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Philippines torn over US call for B
- Subject: Philippines torn over US call for B
- From: ausgeo@xxxxxxx
- Date: Mon, 28 Apr 1997 22:13:00
Subject: Philippines torn over US call for Burma sanctions: analyst
US-Burma-Philippines : Philippines torn over US call for Burma sanctions:
MANILA, April 28 (AFP) - The Philippines, which has remained silent over US
sanctions against Burma, is torn between supporting Washington and maintaining
links with Rangoon, an analyst here said.
Manila, which itself emerged from dictatorial rule 11 years ago, has toed the
Association of South East Asian Nations (ASEAN) line, which prefers
"constructive engagement" with Burma's military rulers.
Philippine officials have declined to comment on the sanctions called by
Washington last week.
The US move comes in an effort to pressure Rangoon's ruling junta to ease up
on the pro-democracy movement headed by opposition leader and Nobel Peace
Prize laureate Aung San Suu Kyi. Pressure has also mounted on ASEAN to keep
Burma out of the grouping, which it was expected to join, together with
Cambodia and Laos, later this year.
John Avila, a political economist with the private think tank Center for
Research and Communications, said that privately, Filipino officials may
sympathize with the Burmese opposition because "we also came from an
"But officially they will toe the ASEAN line because that (ASEAN unity) is a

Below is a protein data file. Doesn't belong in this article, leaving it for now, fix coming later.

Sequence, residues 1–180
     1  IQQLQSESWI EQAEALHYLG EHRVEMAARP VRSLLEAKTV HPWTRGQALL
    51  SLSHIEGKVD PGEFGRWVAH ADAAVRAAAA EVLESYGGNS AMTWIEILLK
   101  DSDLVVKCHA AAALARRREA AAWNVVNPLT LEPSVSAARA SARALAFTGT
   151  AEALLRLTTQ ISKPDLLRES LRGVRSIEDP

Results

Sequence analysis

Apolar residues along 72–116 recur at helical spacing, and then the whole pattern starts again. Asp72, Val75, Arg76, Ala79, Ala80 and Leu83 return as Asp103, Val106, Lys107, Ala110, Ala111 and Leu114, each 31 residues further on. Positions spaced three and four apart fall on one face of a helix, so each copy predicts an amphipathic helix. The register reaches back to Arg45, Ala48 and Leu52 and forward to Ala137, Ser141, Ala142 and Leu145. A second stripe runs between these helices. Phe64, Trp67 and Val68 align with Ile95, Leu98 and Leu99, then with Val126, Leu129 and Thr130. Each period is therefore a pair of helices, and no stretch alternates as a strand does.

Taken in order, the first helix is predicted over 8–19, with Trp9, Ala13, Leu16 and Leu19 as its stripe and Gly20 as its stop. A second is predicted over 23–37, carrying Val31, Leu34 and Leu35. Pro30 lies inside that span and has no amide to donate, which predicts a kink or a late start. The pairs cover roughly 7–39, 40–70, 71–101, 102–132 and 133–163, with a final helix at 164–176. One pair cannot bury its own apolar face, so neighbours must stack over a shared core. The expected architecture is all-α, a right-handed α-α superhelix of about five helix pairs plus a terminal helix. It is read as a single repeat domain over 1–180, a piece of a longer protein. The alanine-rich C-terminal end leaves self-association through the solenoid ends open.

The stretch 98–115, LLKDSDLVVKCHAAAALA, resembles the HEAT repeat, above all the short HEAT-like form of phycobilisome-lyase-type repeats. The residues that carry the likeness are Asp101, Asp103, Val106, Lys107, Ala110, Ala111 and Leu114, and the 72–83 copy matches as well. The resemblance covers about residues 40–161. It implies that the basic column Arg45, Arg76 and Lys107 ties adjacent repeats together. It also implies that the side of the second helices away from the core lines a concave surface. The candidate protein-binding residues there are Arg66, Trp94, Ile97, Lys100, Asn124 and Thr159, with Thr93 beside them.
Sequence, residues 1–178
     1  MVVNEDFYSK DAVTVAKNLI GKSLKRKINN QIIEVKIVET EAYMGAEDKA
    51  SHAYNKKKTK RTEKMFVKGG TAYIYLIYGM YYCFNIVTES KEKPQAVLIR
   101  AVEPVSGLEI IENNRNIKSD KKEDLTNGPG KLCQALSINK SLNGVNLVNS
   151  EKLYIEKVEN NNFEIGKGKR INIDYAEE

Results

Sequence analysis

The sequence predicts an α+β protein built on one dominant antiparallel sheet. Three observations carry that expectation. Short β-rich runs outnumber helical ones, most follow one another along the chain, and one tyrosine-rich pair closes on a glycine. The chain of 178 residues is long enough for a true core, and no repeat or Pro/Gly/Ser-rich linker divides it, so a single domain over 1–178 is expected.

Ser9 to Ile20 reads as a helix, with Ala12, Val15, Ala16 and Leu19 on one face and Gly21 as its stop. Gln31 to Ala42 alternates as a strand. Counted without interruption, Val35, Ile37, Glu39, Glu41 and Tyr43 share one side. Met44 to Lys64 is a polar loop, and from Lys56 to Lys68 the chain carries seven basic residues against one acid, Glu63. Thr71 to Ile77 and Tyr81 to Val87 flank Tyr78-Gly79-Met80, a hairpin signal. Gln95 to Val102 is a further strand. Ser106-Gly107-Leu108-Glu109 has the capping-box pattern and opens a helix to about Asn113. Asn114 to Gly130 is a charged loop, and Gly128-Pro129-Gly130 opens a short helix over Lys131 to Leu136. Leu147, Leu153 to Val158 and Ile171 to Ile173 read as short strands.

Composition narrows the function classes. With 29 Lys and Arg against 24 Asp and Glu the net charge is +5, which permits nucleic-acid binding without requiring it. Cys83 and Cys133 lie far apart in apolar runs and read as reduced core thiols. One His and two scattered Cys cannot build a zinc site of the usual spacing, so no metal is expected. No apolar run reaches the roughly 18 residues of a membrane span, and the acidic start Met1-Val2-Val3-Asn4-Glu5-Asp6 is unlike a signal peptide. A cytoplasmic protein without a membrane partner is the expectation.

higher goal and basically ASEAN works on non-interference in each other's
internal affairs," he told AFP.
Avila was referring to the Philippines' emergence in 1986 from the 20-year
dictatorship of the late president Ferdinand Marcos. The country spent 14 of
those years under martial law and saw thousands of Marcos' political opponents
jailed, Congress padlocked, rule by decree and heavy media restrictions.
Filipino opposition leaders at the time called on the international community,
led by the United States, to isolate Marcos. He was toppled in a popular
uprising in 1986 and died in exile in Hawaii in 1989.
Avila said US sanctions were unlikely to "drastically" affect Burma's economic
development, saying US investments in Rangoon are limited and investors from
ASEAN and Europe are "already knocking at the door of Burma."
ASEAN groups Brunei, Indonesia, Malaysia, the Philippines, Singapore, Thailand
Avila said ASEAN, which includes some of the world's fastest growing
economies, has "become more assertive" in dealing with the United States and
other industrialized nations.
"They (ASEAN nations) are more confident about their own development and their
own inter-regional cooperation that they feel more in command where they
should go," Avila said.
He said Washington's call to shut out Burma from ASEAN would be difficult
because ASEAN's goal of including all 10 nations before the end of the decade
"is a primordial goal, a goal that cannot be compromised."
Washington, however, might resort to strong moves to force other countries to
support the sanctions such as passing legislation similar to the Helms-Burton
act against Cuba, Avila said.
The act penalizes companies from within or outside the United States that deal
with Cuba, with such actions as taking away visa privileges from these firms'
executives and their dependents.
While Avila said this could be a "far-fetched" move by Washington, it could
still be implemented if the situation in Burma becomes worse. US domestic
public opinion would favour such a move, he added.